As if there weren’t enough already, I found yet another few flaws in ‘value-added,’ flaws which, I believe, makes it beyond salvation.
‘Value-Added’ is, once again, how much better or worse a teacher’s students do on a standardized test compared to what a complicated formula predicted the students would get. If the formula predicts teacher A’s students will get a 2.7 and they get a 3.0, then that teacher gets a +.3 as his ‘value-added’ score. For teacher B, the formula predicts they will get a 3.2 and they get a 3.3, so that teacher gets a +.1 as his ‘value added’ score. In this scenario, teacher A will be more likely to get merit pay while teacher B will be more likely to get a pay cut (de-merit pay?) or even get fired.
The flaw in this is that even though the teachers are trying to meet different benchmarks, there is an element of ‘luck’ involved. In assigning this .3 as teacher A’s ‘effectiveness,’ there is an assumption that it is fair to compare that to B’s .1 score since these formulas have ‘equalized’ everything. But does this mean that if these teachers had switched classes in the beginning of the year that A would have moved those 3.2 kids up to 3.5 and that B would have only moved those 2.7 kids up to 2.8? It is unlikely. Maybe B would be really great at helping the lower classes and had he taught those students he would have gotten a +.4 ‘value-added.’ In this way, it is not fair since a teacher who happens to have an assignment in his ‘comfort zone’ can get a higher ‘value-added’ than another teacher, even though that other teacher may have been even better had he gotten the first teacher’s students. Teachers are not ‘value-adding’ widgets who will get the same score regardless of what group of students they teach.
The next issue is whether ‘value-added,’ then, is appropriate for comparing two teachers for whom the formula predicts the class scores to be the same. So you’ve got teachers C and D. Both teach the same grade and have the ‘same kids,’ meaning that they have the same pretest scores and the formula predicts they will have the same post test scores, let’s say 2.8. So C’s classes get a 3.3 and D’s classes get a 2.7. Does this mean that in a parallel universe where they swapped classes before the first day of school that C would have gotten the same +.5 gain with D’s classes, and D would have gotten the same -.1 loss with C’s classes?
As we can’t go into a parallel universe to check this, I did an experiment with the 2007-2008 and 2008-2009 New York City teacher data that was released in the media. I located about 2,000 teachers who, in both school 2007-2008 and 2008-2009, kept the same grade, the same subject, and whose classes in the two consecutive years had starting scores that differed by less than .05 (on the 1 to 4 scale, this means that, at least according to the formula, they taught the ‘same kids’ for two straight years).
Only if the percentile rank of these teacher’s ‘value-added’ stay around the same from one year to the next can we say that the ‘value-added’ really is a reliable metric. Not surprisingly, even with every other variable being the same, the ranks did not correlate at all. (For math people, the r value was .3, but that was to some line other than the y=x line, so it really is even lower than that.)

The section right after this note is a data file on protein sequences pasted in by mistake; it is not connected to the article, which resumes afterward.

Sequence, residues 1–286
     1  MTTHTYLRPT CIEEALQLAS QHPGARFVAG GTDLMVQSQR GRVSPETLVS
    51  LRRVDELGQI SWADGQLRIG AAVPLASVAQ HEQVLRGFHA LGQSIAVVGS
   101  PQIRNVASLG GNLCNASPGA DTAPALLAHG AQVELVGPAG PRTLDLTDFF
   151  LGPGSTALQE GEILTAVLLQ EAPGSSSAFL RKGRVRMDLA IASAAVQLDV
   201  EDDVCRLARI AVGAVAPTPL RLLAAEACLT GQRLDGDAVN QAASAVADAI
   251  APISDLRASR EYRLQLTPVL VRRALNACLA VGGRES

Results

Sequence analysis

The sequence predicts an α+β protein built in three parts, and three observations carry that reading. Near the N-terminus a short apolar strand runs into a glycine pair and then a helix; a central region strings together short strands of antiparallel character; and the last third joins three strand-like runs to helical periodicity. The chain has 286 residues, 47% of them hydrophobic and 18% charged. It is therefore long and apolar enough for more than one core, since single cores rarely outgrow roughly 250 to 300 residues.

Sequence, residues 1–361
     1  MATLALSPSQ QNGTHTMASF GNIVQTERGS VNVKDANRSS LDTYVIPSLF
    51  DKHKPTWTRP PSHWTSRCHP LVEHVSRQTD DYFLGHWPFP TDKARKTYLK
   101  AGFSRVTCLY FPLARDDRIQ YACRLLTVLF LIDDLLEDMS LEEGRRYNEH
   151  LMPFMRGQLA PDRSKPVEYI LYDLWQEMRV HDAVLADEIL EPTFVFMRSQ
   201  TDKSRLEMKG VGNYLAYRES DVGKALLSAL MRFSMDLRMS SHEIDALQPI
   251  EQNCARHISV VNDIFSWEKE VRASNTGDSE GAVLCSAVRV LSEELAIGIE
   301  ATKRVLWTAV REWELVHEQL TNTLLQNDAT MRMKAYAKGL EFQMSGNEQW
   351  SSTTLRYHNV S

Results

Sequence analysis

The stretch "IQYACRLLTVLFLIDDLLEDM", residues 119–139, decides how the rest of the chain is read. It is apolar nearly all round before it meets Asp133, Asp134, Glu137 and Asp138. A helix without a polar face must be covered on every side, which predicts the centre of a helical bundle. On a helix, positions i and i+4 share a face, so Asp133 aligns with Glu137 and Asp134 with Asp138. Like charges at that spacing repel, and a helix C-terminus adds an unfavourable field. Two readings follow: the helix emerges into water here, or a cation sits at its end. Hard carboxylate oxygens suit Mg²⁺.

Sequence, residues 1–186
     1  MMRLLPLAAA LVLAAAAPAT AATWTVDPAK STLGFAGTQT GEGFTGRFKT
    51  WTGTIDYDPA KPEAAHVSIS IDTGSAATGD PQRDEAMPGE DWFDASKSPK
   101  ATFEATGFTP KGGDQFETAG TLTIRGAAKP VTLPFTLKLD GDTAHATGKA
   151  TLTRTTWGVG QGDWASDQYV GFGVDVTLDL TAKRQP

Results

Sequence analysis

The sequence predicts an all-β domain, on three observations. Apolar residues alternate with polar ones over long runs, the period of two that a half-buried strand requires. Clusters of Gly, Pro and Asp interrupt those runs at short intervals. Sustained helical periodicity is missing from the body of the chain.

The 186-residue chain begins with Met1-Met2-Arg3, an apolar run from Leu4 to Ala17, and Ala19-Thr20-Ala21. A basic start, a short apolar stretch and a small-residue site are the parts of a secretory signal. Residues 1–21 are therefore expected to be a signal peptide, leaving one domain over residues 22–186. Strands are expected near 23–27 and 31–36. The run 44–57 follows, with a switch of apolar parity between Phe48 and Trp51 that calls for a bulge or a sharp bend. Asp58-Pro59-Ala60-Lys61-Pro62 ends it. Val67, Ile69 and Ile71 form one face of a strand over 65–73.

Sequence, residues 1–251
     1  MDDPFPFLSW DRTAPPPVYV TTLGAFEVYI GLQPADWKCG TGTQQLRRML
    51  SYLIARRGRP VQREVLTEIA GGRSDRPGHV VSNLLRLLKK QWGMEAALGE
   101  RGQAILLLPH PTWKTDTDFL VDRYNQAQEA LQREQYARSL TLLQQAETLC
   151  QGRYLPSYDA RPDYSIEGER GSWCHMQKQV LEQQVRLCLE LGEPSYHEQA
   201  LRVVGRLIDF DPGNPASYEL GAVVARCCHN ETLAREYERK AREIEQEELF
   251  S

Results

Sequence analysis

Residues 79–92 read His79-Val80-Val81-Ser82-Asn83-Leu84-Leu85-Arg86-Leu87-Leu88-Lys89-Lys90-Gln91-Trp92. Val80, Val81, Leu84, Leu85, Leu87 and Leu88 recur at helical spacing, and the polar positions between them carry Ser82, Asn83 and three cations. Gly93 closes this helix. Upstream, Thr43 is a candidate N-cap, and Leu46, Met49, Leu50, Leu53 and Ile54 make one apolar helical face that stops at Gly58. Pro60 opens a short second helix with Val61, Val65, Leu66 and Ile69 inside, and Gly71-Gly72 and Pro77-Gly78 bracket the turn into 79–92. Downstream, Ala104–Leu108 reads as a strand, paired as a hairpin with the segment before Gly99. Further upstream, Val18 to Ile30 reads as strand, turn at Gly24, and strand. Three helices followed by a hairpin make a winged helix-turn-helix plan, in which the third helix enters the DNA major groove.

This is the best we can do to check if these numbers actually measure anything. Again, these are the ranks in two consecutive years of all the teachers who in those two years taught the ‘exact same’ group of kids. As these scores don’t correlate, it means that it is not fair to even compare two teachers who get the ‘same kids.’ It is almost certain that if they had switched their two groups of kids, their ‘value-added’ scores would be different than if they didn’t switch.
This analysis is even more significant than the one I did part 2 where I showed that a teacher who taught two different grades in the same year got wildly different ‘value-added’ scores. I could see how someone who knows nothing about education could argue that it is not all that surprising that this happened since the teacher might be quite good at teaching 7th grade, but weak as an 8th grade teacher — or that maybe the 7th grade group had very different ability levels than the 8th grade group so since this teacher has strengths and weaknesses, the two different ‘value-added’ scores can be averaged together to get a more accurate picture of this teacher’s ‘effectiveness.’
But this new analysis shows that a teacher teaching the same grade, the same course, with the ‘same students’ does not get consistent results. It is truly like weighing yourself on a scale, getting off the scale and then one second later getting on the same scale, and having your ‘weight’ change by twenty pounds.
Along with a lot of other analysis by people with a lot more tools than me in their statistics tool belts, I hope this post adds a new wound to the misuse of standardized test scores in teacher evaluation. Like Jason in the Friday The Thirteenth movies, ‘value-added’ is tough to kill off.